A new study funded by the Superfund Research Program (SRP) shows cadmium exposure can impair new neurons from forming and maturing in the hippocampus region of the brain. Led by Zhengui Xia, Ph.D., the researchers at the University of Washington (UW) SRP Center also found that cadmium can lead to the death of stem cells that produce these neurons. In people, learning and memory formation depends on the production of new neurons in this region of the brain.
Because alterations to adult hippocampal neuron development has been reported to be associated with cognitive behavior deficits, cognitive decline, and Alzheimer’s disease, these findings may have implications for the role of environmentally relevant cadmium exposure in neurodegenerative diseases.
Previous research linked cadmium exposure to impaired learning and memory formation in behavioral studies in adult mice, but the mechanism by which cadmium created this effect remained unclear. In the new study, a combination of stem cells and mice were used to identify whether neuron formation in the hippocampus was affected, leading to learning and memory impairment.
Identifying Changes in Cells
The researchers applied cadmium directly to the cells and found that it reduced the total number of cells, led to cell death, and interfered with the production and maturation of new neurons derived from the stem cells. These effects were seen at concentrations as low as 10 parts per billion.
They also discovered cadmium exposure increases the activation of Jun NH2-terminal kinase (JNK) and p38 kinase, two proteins that play a role in key stages of neuron development in adults. By inhibiting these pathways, they observed reduced stem cell death with exposure to cadmium, suggesting that these proteins are involved in cadmium-induced cell toxicity.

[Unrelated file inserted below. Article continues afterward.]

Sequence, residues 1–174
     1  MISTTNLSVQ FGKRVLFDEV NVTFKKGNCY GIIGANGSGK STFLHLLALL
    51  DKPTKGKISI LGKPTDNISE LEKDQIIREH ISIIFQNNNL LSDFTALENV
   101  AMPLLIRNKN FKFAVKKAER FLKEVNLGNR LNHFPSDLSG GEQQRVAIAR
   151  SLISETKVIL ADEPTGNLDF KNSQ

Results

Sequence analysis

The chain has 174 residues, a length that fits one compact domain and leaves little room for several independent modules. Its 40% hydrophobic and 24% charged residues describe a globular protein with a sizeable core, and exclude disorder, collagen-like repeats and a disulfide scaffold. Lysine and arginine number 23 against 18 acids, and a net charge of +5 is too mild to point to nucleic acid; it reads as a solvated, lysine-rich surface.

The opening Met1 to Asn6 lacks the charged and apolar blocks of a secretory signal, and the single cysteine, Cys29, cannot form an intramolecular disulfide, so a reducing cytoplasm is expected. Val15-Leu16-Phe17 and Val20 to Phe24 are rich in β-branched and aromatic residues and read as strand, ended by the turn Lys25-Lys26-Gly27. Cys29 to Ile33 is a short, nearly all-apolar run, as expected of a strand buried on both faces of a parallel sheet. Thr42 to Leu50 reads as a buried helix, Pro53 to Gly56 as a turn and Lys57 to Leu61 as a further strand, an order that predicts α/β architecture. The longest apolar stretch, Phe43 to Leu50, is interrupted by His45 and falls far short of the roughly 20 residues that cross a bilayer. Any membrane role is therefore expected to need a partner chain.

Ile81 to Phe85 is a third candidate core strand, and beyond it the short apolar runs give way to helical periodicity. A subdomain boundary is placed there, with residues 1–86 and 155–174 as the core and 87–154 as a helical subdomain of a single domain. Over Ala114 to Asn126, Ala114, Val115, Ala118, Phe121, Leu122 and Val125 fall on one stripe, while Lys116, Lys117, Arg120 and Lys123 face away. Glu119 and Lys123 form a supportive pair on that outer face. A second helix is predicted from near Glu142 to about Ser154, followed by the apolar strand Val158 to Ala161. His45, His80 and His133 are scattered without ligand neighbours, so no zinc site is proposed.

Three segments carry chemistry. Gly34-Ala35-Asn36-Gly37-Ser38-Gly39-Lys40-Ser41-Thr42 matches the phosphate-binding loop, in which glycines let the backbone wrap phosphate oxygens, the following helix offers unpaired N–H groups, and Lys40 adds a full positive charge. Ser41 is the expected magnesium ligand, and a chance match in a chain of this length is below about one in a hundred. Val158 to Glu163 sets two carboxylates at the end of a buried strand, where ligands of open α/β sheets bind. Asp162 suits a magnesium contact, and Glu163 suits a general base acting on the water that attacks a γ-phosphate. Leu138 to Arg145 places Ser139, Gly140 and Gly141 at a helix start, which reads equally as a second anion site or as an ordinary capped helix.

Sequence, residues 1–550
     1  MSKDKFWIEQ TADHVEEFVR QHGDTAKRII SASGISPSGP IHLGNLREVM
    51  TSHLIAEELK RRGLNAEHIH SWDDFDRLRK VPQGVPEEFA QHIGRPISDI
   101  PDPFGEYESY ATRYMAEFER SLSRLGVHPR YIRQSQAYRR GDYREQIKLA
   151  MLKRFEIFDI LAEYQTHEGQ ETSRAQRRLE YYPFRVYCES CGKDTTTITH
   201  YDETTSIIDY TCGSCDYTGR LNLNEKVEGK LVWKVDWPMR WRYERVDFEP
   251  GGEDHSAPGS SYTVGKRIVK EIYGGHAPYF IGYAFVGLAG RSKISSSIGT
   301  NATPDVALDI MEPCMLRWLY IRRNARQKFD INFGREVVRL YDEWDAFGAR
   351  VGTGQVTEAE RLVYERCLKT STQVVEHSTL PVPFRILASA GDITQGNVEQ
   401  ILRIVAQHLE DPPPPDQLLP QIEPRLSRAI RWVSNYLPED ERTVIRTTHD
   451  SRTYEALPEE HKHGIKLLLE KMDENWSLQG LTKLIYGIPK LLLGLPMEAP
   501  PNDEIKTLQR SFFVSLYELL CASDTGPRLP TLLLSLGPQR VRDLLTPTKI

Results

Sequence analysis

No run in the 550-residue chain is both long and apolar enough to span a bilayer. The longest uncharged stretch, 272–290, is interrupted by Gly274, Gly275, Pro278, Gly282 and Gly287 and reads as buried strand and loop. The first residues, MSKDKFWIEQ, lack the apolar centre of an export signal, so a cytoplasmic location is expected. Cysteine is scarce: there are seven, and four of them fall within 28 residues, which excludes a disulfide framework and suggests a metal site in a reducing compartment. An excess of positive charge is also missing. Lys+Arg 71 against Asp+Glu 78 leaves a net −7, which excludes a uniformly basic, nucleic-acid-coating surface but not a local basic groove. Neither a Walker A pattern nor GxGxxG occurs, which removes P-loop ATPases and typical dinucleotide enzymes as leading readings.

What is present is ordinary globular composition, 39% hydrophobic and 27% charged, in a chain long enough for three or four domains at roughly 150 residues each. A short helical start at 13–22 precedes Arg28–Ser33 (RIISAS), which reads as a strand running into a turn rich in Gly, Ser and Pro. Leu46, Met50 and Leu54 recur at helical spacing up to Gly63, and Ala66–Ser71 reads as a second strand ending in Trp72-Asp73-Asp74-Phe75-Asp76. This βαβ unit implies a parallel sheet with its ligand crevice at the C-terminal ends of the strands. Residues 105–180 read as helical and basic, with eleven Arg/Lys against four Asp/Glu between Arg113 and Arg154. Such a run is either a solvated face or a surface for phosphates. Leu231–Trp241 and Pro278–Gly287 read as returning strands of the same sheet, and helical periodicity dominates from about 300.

Assessing Alterations in Mice
The team also exposed adult male mice to low levels of cadmium in their drinking water for 13 weeks. The treated mice had blood levels of cadmium that resemble those found in human cigarette smokers. The blood levels in treated mice were also lower than the Occupational Safety and Health Administration (OSHA) standard for cadmium that triggers medical surveillance. They found that this level of cadmium exposure decreased the number of new neurons in the hippocampus and impaired their maturation compared to mice that were not exposed. Cadmium also appeared to significantly decrease the complexity of dendrites, the segments of the neuron that receive stimulation for the cell to become active, in a region of the hippocampus.
According to the authors, because learning and memory formation depends on production of new neurons in the hippocampus, these results provide the first strong evidence of a mechanism by which cadmium impairs cognitive functioning in adults.
Fuente: National Institute of Environmental Health Sciences